• Difficult for kids to build relationships with inconsistent schedule
  • No real routine, if kids get just dropped off occasionally

Cost: Around $7-15 an hour. One that I checked out in Charlotte, NC, wanted $50 per day.


Kids age 2 to 5 have the option to go to Pre-School as an alternative to Day Care. Pre-School is more focused on the school schedule rather than the working schedule of parents. That’s why it’s usually only a few days a week and during summer or spring break pre-schools are closed. Parents have to cover for any holidays and school vacations.


  • Cheaper due to reduced hours
  • Great for parents with flexible hours
  • Kids are being educated and not just playing and napping


  • Parents need to cover for holiday and school vacations
  • Hours and availability may not work with parent’s work schedule

Cost: Very much depends on the amount of time they spend in pre-school, but average rates are around $200-250 a month. My daughter’s pre-school in Charlotte, NC, is $235 a month for Monday through Thursday 9am to 1pm.

Day Care Centers

This is the most common option for working parents. Day Care Centers or Child Development Centers are highly regulated by the state and accept infants that are as young as 6 weeks old and up to age 5. The daily schedule is structured with lots of play time, nap time as well as education.


  • Parents can get back to their job as early as 6 weeks after giving birth
  • Schedule accomodates working parents
  • Lots of interaction with other kids of the same age with lots of play time
  • Professional staff that is available at all times during work hours.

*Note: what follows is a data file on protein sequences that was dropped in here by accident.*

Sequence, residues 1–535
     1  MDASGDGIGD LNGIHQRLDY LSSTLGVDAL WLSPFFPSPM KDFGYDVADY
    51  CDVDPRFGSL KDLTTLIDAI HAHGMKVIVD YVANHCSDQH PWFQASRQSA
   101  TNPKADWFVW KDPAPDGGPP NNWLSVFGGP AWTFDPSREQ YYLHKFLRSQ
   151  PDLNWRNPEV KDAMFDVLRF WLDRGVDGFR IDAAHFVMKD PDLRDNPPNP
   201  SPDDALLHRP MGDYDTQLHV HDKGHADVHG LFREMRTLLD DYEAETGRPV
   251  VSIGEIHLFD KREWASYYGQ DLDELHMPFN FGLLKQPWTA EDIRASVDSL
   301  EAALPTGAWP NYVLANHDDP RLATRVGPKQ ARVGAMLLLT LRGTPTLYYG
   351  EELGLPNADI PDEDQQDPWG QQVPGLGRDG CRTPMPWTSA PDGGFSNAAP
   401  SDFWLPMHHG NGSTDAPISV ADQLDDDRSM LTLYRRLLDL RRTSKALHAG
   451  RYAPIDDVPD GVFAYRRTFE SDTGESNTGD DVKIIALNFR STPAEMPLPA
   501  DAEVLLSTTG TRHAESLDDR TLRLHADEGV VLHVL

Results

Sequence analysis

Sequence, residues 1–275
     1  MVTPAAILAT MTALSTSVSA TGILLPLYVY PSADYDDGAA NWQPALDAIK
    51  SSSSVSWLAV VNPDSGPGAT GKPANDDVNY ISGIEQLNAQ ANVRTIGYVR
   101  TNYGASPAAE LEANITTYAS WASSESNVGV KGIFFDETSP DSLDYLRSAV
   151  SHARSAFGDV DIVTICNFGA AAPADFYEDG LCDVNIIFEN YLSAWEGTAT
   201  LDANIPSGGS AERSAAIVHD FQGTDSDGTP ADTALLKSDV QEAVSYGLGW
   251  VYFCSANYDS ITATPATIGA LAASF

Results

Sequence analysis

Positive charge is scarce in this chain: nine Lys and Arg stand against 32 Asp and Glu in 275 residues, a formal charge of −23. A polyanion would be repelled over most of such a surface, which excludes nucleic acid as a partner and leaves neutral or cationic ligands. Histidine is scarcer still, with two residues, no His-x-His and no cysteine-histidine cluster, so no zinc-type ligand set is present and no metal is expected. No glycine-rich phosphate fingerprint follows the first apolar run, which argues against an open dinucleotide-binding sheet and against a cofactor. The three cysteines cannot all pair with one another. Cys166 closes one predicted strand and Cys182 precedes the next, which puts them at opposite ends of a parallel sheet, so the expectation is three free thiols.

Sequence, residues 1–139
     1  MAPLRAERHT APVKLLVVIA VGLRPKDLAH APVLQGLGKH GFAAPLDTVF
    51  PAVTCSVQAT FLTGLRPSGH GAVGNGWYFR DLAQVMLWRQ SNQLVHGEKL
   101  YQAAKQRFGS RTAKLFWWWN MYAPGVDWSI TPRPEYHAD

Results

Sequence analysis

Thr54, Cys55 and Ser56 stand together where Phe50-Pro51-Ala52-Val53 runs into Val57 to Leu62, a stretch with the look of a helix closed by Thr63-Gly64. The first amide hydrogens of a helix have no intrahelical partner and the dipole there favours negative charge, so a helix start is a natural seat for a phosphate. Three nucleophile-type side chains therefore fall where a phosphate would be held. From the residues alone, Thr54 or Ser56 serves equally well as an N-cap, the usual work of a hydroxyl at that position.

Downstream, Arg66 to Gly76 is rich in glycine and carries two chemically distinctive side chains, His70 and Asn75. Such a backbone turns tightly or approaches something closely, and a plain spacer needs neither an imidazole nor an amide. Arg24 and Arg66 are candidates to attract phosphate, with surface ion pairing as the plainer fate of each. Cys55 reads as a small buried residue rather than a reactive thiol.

• Expensive – In most states daycare costs more than sending your kid to college
  • Your kid will get sick more often due to exposure to many other kids and probably pass it on to you

Cost: Roughly $75-300 per week depending on state and rating of day care center. Church day care centers are usually a little cheaper. My daughter’s was $165-175 per week for a church day care center. Other day cares in Charlotte, NC go up to $250 a week.


For parents who prefer a dedicated caregiver for their child as well as flexible hours, a nanny is a popular option. Nannies are basically professional babysitters, that also feed your child with the food you provide as well as drive them to appointments or playdates. You set the rules of what duties the nanny should take care of.


  • Nanny will be in your home and feed your food
  • Will develop a deep bond with your child
  • Some Nannies help out with chores and errands as well


  • Nannies can quit overnight, leaving behind a devastated child, if the relationship was strong.
  • Background check and interviews is the parents’ responsibility
  • Not every nanny is a good match for your child

Cost: $10-20 an hour

aupair_globeAu Pair

Au pairs are foreign nationals age 18 to 26, that live in your household and take care of your kids for up to 45 hours a week besides taking college courses in their free time.


  • Agency pre-screens all candidates
  • Kids have a chance to become bi-lingual
  • Au Pair can help out with chores and errands
  • Odd hours are no problem, because they live in your household


  • Less privacy for as long as au pair lives in your home
  • Au pairs can quit at any time
  • Usually there’s no option to meet candidates in person other than phone calls or video chat.

Cost: $12,000-17,000 per year plus fees for agency, training and local counselor.


Photo credits: © Serhiy Kobyakov, Tyler Olson, Jörg Lantelme –



Leave a Reply

Your email address will not be published. Required fields are marked *